Alicia Keys, Wu-Tang Clan and A Tribe Called Quest Albums Inducted into Library of Congress

There are plenty of music awards out there but perhaps the most prestigious is a work being selected for preservation in the Library Of Congress’ National Recording Registry; Recordings are selected after being deemed “worthy of preservation for all time based on their cultural, historical, or aesthetic importance in the nation’s recorded sound heritage.” It’s a major achievement, as only 600 recordings have ever been honored.

via: Revolt

As announced on Wednesday (April 13), Tribe’s 1991 LP The Low End Theory and Keys’ 2001 debut album Songs in A Minor are now included in the registry. Wu-Tang’s 1991 debut Enter the Wu-Tang (36 Chambers) — which shaped “the sound of hardcore rap and reasserted the creative capacity of the East Coast rap scene” — has also been added to the collection.

With the new announcement, the Library of Congress continues its annual process of selecting 25 “culturally, historically or aesthetically significant” sound recordings to be part of its records. Other projects making their way into the registry are Nat King Cole’s 1961 single “The Christmas Song,” “Don’t Stop Believin” by Journey, Ricky Martin’s 1999 hit “Livin La Vida Loca” and “Bohemian Rapsody” from the British rock band Queen.

“The National Recording Registry reflects the diverse music and voices that have shaped our nation’s history and culture through recorded sound,” Carla Hayden, Librarian of Congress said in a statement. “The national library is proud to help preserve these recordings, and we welcome the public’s input. We received about 1,000 public nominations this year for recordings to add to the registry.”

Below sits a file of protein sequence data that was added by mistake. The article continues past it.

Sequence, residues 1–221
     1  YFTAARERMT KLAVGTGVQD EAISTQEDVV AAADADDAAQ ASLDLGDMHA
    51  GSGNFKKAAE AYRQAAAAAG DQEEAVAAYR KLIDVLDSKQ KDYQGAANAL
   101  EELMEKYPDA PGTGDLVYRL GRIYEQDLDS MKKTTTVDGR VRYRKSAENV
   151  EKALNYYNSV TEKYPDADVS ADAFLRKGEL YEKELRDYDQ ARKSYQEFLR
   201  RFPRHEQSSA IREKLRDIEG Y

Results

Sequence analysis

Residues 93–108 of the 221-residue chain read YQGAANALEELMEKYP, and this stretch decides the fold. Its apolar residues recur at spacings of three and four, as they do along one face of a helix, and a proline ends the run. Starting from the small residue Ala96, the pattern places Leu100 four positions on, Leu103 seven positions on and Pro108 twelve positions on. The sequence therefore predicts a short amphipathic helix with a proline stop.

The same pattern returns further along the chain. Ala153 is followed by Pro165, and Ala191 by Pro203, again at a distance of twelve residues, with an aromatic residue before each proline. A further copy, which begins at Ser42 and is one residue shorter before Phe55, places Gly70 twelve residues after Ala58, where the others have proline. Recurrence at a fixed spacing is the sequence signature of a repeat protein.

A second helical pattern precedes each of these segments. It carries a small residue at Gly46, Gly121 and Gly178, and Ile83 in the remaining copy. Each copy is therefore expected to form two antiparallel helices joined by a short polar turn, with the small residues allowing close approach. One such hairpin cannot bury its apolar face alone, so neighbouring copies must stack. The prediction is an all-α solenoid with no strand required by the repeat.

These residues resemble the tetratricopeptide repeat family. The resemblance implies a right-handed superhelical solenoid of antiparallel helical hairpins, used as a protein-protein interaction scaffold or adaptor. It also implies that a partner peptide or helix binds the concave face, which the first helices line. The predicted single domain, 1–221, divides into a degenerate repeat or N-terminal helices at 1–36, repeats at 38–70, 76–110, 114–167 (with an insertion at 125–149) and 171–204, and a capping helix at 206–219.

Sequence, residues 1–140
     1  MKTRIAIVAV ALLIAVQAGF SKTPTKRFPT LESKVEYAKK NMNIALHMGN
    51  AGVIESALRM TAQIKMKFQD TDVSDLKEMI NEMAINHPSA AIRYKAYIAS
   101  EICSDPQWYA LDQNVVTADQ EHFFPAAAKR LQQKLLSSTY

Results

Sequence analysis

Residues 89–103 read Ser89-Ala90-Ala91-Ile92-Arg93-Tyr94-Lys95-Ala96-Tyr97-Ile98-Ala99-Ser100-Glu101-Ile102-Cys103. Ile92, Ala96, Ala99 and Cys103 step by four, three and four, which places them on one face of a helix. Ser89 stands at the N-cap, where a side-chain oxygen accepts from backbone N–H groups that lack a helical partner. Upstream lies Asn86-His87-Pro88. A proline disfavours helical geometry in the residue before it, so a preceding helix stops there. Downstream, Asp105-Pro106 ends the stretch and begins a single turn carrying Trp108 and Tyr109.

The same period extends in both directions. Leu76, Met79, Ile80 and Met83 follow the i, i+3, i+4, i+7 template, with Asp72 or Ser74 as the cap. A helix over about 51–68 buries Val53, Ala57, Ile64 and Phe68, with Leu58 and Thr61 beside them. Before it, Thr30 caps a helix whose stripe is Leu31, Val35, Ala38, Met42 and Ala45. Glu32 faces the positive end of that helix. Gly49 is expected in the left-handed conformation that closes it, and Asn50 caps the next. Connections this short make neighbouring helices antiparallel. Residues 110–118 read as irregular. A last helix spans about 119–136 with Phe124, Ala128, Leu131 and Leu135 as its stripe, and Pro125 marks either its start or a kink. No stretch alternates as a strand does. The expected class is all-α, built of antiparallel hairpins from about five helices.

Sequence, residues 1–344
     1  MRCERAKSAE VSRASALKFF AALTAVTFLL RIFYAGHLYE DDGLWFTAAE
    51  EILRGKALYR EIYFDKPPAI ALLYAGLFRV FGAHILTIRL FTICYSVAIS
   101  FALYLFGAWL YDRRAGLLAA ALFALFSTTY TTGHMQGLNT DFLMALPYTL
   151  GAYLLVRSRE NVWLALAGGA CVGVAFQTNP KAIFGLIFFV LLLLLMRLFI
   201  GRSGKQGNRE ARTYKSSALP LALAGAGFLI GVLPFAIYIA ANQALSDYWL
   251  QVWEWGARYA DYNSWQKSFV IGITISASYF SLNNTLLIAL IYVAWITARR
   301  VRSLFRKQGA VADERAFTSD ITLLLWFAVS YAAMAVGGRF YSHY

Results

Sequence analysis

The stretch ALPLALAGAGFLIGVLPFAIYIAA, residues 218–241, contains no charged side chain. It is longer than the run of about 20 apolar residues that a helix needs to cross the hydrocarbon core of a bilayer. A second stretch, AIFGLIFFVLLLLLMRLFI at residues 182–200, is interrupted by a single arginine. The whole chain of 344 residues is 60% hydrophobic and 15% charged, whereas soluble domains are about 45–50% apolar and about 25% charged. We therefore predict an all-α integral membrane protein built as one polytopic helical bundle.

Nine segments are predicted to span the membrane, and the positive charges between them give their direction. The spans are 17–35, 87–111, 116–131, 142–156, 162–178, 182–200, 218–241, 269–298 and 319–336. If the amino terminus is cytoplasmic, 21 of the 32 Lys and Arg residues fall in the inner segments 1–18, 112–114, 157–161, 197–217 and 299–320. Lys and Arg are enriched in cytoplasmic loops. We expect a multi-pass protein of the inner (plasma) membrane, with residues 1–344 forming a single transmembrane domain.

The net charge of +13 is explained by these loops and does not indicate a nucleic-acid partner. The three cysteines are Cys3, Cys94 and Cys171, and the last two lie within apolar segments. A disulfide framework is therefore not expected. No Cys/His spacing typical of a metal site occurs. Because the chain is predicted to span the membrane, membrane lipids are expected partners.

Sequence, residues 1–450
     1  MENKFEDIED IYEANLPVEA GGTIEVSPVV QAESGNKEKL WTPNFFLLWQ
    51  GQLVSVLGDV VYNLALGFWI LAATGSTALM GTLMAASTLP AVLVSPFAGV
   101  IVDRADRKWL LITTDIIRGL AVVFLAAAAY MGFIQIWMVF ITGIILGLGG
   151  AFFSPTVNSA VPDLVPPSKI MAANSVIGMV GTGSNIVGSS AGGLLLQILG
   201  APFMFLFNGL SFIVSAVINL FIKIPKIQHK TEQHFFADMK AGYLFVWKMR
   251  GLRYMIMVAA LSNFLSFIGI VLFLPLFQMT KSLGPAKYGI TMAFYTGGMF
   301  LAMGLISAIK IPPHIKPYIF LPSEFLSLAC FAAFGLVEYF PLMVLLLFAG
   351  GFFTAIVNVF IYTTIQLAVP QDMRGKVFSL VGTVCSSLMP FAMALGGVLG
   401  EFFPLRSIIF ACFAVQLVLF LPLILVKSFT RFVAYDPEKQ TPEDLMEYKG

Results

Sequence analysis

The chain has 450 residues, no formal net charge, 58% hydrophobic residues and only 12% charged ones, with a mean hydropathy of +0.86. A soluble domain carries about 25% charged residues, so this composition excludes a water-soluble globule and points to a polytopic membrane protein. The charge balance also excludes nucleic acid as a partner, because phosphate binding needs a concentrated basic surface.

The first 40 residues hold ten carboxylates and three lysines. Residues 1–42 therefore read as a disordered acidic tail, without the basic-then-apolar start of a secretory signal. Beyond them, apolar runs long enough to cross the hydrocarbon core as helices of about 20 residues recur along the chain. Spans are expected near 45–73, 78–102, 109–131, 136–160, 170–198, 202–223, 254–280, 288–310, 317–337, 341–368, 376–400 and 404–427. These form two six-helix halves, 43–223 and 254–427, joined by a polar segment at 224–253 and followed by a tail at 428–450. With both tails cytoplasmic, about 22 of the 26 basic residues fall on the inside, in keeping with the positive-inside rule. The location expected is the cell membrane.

Humbled, Keys released a statement expressing her gratitude for the induction. “I’m so honored and grateful that Songs in A Minor, the entire album, gets to be recognized as such a powerful body of work that is just going to be timeless. But what is it about (the album) that I think resonates with everybody for so long? I just think it was so pure…,” she explained. “People hadn’t quite seen a woman in Timberlands and cornrows and really straight 100% off of the streets of New York performing classical music and mixing it with soul music and R&B … And people could find themselves in it. And I love that.”

“We are honored to have our work added to the prestigious National Recording Registry amongst so many other astounding works,” added Q-Tip of Tribe’s placement in the registry. “We are humbled and grateful for this acknowledgment. Thank you so, so much.”

Find the full list of 2022 selections below and read more about them here.

1. “Harlem Strut” — James P. Johnson (1921)
2. Franklin D. Roosevelt: Complete Presidential Speeches (1933-1945)
3. “Walking The Floor Over You” — Ernest Tubb (1941) (single)
4. “On A Note Of Triumph” (May 8, 1945)
5. “Jesus Gave Me Water” — The Soul Stirrers (1950) (single)
6. Ellington At Newport — Duke Ellington (1956) (album)
7. We Insist! Max Roach’s Freedom Now Suite — Max Roach (1960) (album)
8. “The Christmas Song” — Nat King Cole (1961) (single)
9. Tonight’s The Night — The Shirelles (1961) (album)
10. “Moon River” — Andy Williams (1962) (single)
11. In C — Terry Riley (1968) (album)
12. “It’s A Small World” — The Disneyland Boys Choir (1964) (single)
13. “Reach Out, I’ll Be There” — The Four Tops (1966) (single)
14. Hank Aaron’s 715th Career Home Run (April 8, 1974)
15. “Bohemian Rhapsody” — Queen (1975) (single)
16. “Don’t Stop Believin’” — Journey (1981) (single)
17. Canciones de Mi Padre — Linda Ronstadt (1987) (album)
18. Nick Of Time — Bonnie Raitt (1989) (album)
19. The Low End Theory — A Tribe Called Quest (1991) (album)
20. Enter The Wu-Tang (36 Chambers) — Wu-Tang Clan (1993) (album)
21. Buena Vista Social Club (1997) (album)
22. “Livin’ La Vida Loca” — Ricky Martin (1999) (single)
23. Songs In A Minor — Alicia Keys (2001) (album)
24. WNYC broadcasts for the day of 9/11 (September 11, 2001)
25. WTF With Marc Maron (Guest: Robin Williams) (April 26, 2010)

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